The Most Craftsmanlike ‘Crambook’

J.E. Sandys, A History of Classical Scholarship Vol. I:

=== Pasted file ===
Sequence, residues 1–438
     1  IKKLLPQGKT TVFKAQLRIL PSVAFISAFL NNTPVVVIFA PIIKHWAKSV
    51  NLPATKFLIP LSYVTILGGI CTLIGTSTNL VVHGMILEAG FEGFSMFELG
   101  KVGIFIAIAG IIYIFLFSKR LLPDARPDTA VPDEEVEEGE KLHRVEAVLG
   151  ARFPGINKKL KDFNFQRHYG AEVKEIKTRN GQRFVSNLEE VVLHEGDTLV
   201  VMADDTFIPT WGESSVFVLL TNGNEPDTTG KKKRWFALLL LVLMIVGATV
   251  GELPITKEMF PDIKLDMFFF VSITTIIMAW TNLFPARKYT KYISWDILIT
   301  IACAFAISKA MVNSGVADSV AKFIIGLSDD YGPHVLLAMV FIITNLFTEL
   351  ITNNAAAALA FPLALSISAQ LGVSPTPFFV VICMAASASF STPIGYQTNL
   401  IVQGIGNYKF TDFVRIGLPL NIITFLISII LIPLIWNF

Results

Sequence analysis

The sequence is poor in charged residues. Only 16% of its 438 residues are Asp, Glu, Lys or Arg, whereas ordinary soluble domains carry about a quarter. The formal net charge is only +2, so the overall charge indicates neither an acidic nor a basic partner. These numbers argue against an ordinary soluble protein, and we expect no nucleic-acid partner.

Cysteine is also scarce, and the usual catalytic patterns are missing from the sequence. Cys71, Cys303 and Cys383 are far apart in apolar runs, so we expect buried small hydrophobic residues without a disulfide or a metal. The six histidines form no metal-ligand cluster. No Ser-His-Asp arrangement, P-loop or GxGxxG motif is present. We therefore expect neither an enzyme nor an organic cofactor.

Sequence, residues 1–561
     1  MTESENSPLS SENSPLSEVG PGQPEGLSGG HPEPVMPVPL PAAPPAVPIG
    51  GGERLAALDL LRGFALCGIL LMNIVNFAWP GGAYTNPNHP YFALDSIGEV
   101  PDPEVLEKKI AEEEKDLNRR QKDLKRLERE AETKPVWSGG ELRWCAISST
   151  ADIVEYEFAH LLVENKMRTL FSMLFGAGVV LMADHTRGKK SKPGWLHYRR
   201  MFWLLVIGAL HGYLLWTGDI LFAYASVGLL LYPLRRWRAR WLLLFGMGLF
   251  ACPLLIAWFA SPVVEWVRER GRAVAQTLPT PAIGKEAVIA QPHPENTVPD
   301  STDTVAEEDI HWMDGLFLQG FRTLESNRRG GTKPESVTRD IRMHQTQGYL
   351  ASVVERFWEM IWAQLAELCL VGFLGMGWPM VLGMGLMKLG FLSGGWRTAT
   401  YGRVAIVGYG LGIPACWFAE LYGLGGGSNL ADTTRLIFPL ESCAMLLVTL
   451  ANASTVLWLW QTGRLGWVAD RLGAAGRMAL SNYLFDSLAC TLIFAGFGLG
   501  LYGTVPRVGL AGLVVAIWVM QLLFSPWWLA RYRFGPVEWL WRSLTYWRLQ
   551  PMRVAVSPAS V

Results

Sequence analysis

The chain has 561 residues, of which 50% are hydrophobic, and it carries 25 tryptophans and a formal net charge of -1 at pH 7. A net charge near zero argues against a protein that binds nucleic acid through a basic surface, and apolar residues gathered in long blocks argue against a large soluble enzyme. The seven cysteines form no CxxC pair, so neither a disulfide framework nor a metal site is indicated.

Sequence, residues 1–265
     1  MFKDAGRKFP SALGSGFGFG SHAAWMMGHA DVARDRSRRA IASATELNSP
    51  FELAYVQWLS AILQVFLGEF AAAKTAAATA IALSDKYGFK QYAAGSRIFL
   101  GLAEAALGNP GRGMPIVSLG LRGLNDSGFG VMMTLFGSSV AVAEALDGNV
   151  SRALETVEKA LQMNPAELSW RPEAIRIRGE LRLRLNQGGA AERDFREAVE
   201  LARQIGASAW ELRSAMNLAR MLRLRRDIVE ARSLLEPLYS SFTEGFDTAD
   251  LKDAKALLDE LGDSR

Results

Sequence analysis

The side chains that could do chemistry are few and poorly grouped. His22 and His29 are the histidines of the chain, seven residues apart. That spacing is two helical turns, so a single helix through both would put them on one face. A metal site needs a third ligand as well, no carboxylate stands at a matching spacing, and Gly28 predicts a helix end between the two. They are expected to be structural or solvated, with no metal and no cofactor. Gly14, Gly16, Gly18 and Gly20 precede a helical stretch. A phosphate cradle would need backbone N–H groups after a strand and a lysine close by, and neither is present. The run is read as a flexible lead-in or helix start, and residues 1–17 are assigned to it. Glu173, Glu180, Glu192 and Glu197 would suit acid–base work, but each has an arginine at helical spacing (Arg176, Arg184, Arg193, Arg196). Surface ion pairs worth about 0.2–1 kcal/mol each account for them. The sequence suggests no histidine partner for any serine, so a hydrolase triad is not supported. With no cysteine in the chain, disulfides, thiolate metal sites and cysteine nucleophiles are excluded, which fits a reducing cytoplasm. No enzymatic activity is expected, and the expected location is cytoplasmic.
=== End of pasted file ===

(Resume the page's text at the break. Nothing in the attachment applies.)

“We may briefly notice Aphthonius who, as a pupil of Libanius, belongs to the end of the fourth and the beginning of the fifth centuries. He is celebrated for his small manual of preliminary exercises 99999, a work remarkable for its simplicity and clearness, and for the variety of its examples. It follows the tradition of Hermogenes, but the number of the exercises is here extended from twelve to fourteen by the separation of ‘refutation’ from ‘confirmation’, and the introduction of a new section on ‘blame’. It was the theme of several commentaries, and continued to be used as a text-book not only in the Byzantine age, but even as late as the seventeenth century. It is happily described by Mr. Saintsbury as ‘one of the most craftsmanlike cram-books that ever deserved the encomium of the epithet and the discredit of the noun.'”

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